Township residents in Portage County have reported hearing a loud "boom" on several occasions. The first thought was that it was somehow connected to an oil drilling accident or a meth lab blowing up.
Turns out, according to authorities, it's not.
Local target shooters have discovered the newest fad, "exploding targets." The items consist of two chemicals which are inert until mixed together, and then are to explode only under impact from a center fire rifle shot.
The targets are used in training by law enforcement and the military and by civilian target shooters. There are numerous videos online of people using these targets. And, of course, if a little is good, a lot is better. Some videos show people making 50-pound to 250-pound batches of these targets.
Tannerite is the original manufacturer, but there are now a number of other brands available by internet and local brick-and-mortar suppliers.
Brimfield Police Chief David Oliver said his department has had several calls of loud booms in the southern part of the township.
"We believe it's coming from the area of Palm Road" near where Brimfield, Suffield, Rootstown and Randolph come together, he said.
"It can sound a little unnerving. Within a radius of three or four miles, you can definitely hear it. You can feel it physically at closer distances," Oliver said.
So, no, it's not related to drilling. It is related to people who enjoy large, loud explosions and who apparently have little to no regard for their neighbors.
Carbon monoxide detectors required
Do you have a carbon monoxide detector in your home? If you don't, next time you have some work done that requires a building permit, don't be surprised if the building inspector asks about it.
A new state law went into effect Jan. 1 that requires carbon monoxide detectors be in place outside the bedroom areas of homes with attached garages or with "fuel-fired appliances." That includes natural gas or propane furnaces or woodburning furnaces and stoves.
There's no permit or fee required for the installation, and the detectors can be a wall outlet plug-in style detector.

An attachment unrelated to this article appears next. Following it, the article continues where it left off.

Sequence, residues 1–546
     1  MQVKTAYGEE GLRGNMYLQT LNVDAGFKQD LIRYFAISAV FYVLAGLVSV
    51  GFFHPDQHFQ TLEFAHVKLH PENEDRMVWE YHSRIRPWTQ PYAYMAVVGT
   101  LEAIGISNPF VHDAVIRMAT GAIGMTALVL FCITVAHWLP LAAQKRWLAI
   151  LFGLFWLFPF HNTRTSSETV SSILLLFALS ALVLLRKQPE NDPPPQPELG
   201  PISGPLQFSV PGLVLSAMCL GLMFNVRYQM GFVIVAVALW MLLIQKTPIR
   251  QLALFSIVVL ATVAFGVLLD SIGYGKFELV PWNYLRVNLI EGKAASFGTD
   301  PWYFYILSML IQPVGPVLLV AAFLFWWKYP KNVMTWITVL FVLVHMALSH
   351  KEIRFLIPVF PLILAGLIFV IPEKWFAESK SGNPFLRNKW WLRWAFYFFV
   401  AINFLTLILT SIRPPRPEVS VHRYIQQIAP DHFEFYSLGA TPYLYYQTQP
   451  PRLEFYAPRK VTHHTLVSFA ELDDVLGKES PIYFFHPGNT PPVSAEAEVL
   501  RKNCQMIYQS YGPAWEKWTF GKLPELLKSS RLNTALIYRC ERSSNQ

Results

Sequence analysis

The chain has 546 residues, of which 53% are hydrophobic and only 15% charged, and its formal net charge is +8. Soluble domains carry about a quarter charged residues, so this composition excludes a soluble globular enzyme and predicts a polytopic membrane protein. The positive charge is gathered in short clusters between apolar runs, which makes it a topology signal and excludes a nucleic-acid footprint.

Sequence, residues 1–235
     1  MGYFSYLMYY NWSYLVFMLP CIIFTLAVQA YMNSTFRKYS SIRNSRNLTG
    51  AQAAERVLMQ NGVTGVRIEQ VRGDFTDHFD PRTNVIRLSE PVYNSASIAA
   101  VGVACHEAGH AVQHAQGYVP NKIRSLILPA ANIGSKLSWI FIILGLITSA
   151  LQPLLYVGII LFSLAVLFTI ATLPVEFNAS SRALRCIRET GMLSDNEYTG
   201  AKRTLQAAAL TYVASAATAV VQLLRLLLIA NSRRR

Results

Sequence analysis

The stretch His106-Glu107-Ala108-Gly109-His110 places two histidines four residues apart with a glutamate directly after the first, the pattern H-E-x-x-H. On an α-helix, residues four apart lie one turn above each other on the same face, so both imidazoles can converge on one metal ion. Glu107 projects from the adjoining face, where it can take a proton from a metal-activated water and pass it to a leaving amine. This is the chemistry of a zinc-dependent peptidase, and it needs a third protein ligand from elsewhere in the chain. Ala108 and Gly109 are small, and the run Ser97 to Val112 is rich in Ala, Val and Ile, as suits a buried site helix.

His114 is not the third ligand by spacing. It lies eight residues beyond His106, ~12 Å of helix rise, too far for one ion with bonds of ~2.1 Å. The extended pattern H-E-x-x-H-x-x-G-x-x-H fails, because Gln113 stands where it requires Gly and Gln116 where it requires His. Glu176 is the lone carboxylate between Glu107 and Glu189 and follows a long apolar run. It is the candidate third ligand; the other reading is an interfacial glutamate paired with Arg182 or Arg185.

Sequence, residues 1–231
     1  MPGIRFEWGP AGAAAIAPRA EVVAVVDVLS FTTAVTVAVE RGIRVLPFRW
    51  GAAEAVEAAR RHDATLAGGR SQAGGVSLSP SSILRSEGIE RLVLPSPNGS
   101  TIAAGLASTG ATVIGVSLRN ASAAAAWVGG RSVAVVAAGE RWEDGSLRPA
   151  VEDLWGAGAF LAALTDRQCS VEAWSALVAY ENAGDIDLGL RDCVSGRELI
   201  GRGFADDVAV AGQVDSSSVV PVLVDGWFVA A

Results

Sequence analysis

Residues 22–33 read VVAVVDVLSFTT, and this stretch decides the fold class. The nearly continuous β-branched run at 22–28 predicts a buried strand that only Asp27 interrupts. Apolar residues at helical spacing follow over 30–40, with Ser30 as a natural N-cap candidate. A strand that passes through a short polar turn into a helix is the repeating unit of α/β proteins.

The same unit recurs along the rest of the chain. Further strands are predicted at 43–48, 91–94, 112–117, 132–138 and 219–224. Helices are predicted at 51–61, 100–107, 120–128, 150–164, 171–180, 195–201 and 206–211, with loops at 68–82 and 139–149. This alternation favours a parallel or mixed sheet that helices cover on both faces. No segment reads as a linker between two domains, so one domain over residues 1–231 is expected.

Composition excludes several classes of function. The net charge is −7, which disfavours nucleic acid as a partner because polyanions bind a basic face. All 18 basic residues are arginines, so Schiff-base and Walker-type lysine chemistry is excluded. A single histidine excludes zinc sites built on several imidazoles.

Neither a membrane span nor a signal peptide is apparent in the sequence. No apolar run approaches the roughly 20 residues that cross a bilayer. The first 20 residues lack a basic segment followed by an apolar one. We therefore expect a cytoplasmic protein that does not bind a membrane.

Randall Roberts, head of the county building department, said inspectors have to ask about the detectors anytime they are inspecting interior work that requires a building permit.
According to the Centers for Disease Control and Prevention, carbon monoxide is a leading cause of unintentional poisoning deaths in the United States. Non-fire-related CO poisoning is responsible for some 15,000 emergency department visits and nearly 500 deaths annually in the U.S.
A growing role for Camp Ravenna
Last Saturday's "first shot" ceremony highlighted the growing importance of the Camp Ravenna Joint Military Training Center, which is more usually referred to as the Ravenna Arsenal.
Brig. General David C. Harris Jr., assistant adjutant for the Ohio Army National Guard, flew up from Columbus for the ceremony, but a heavy morning fog from West Branch Reservoir forced him to divert to Portage County Airport. As the fog lifted, the general and two others opened the new 25-meter range in front of about 30 invited guests -- civilian and military. The guests enjoyed the chance to see the arsenal grounds as we were bused to the new rifle range.
What was a vast ammunition plant for World War II has become a major training facility for the Ohio Army National Guard. Other agencies and departments, from local, state and federal law enforcement to regular military and Guard units are finding the facility a great place to train as new training areas are added.
All of that means the center will continue to expand its economic role in the surrounding area -- and that's good news for Portage County.
Hang it up, OK?
And, as the days get warmer and longer and more people are out and about, please remember to hang up and drive. The life you save may be mine.